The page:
THE Cabinet appointed by President Emmerson Mnangagwa nearly a fortnight ago dubbed the “dream team” by government publicists, is a marked improvement from previous line-ups as it features characters likely capable of bringing in the much-awaited change in governance,though, because of some possible glitches, could end up being just an average team.
By Staff Reporter
Mnangagwa recently appointed a 20-member Cabinet fronted by renowned financial expert Mthuli Ncube, who was chief economist and vice-president of the African Development Bank (AfDB), as Finance minister and swimming sensation Kirsty Coventry, who was appointed Sports minister.
The two are perceived as brilliant appointments.
As chief economist of AfDB, Ncube, who distinguished himself in academia and the corporate world, oversaw the economics complex, which is focussed on the process of knowledge management within the bank and with its partners.
He also superintended over the general strategic economic research within the financial institution.
Coventry is a member of the International Olympic Committee athletes’ commision and is widely acclaimed as Africa’s best-ever Olympian, with seven medals.
The appointment of Joel Biggie Matiza as Transport minister has also been lauded as he is a relatively successful professional and businessperson in his own right, thus has the credentials to lead the ministry.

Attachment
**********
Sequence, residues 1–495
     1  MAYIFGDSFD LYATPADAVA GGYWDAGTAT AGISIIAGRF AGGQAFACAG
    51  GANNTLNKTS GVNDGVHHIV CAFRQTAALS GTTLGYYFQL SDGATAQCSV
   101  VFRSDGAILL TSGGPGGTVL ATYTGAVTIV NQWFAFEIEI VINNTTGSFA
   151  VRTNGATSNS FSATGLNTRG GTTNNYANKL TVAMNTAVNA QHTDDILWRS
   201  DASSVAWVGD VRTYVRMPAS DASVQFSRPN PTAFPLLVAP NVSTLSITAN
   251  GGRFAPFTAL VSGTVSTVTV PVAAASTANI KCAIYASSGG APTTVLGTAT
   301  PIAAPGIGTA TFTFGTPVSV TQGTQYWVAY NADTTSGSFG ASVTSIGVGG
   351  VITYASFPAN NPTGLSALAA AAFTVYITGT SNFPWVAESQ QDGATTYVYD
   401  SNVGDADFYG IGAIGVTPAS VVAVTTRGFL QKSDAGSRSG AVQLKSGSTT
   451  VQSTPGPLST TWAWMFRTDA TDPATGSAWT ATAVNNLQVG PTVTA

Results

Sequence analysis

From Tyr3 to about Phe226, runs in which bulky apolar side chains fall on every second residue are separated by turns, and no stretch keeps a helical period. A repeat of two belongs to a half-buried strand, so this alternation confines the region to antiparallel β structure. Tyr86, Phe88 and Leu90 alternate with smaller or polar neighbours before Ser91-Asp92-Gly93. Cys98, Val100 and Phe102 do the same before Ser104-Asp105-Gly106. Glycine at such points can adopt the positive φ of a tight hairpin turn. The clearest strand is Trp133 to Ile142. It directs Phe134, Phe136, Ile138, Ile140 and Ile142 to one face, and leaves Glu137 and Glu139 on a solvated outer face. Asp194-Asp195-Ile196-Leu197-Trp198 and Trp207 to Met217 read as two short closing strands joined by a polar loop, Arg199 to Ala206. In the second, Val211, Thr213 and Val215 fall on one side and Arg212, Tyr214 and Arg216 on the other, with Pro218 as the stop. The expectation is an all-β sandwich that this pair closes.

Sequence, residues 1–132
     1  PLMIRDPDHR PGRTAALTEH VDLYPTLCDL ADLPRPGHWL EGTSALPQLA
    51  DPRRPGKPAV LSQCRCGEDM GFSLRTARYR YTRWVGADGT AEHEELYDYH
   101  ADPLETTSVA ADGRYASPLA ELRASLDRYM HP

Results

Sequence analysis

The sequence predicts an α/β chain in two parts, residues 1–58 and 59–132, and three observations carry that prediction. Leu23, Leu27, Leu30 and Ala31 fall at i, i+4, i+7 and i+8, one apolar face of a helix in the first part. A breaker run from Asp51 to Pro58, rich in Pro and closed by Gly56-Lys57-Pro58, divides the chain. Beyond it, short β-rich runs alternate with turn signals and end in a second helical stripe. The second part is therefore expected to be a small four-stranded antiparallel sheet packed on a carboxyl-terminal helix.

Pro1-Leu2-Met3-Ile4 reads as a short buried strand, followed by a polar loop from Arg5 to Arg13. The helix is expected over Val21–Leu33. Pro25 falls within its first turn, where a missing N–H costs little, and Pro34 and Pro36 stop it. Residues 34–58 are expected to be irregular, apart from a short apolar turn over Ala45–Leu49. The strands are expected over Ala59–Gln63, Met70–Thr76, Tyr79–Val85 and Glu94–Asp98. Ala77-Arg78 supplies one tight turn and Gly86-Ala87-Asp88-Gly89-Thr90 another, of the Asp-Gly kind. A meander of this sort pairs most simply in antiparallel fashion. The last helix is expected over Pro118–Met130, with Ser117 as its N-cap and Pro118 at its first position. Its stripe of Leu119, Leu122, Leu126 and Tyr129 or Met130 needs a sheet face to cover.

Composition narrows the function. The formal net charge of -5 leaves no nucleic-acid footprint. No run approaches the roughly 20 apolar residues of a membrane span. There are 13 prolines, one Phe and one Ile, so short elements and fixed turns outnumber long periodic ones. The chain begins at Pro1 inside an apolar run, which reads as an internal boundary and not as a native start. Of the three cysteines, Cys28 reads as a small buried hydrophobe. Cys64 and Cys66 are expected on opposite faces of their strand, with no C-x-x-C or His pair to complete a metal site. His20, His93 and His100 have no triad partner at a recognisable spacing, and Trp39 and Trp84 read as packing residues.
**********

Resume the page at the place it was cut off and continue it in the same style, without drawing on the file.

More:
Mnangagwa dropped some senior members of his previous Cabinet, including Patrick Chinamasa, Obert Mpofu, Simbarashe Mumbegegwi and Simon Khaya Moyo, re-assigning them to work for the party on a full-time basis.
He also appointed Oppah Muchinguri-Kashiri as Defence minister, taking the portfolio away from Vice-President Constantino Chiwenga.
The Cabinet selection has been applauded in many quarters, with even opposition leaders like David Coltart adding to the chorus of approval.
“Brief comment on new Zim Cabinet — good that it is only 20, no Mpofu or Chinamasa, good Finance and Sports ministers in Ncube and Kirst Coventry,” Coltart wrote on microblogging site Twitter.
However, despite the positive noises about the Cabinet, there are a number of appointments that have raised eyebrows.
Ministers such as Muchinguri-Kashiri and Sithembiso Nyoni have been part of previous Cabinets that failed.
“Prof Ncube, however, will do a good job as long as the politburo does not issue directives and reversals, or stand in his way.”
Political analyst Dumisani Nkomo said although the Cabinet is well-balanced, the retention of some failed ministers was a major drawback.
“I think to be fair, it is a fairly balanced Cabinet,” Nkomo said.
Analysts say although the new Cabinet is a mixture of youths, technocrats and experience, it also has appointments based on loyalty.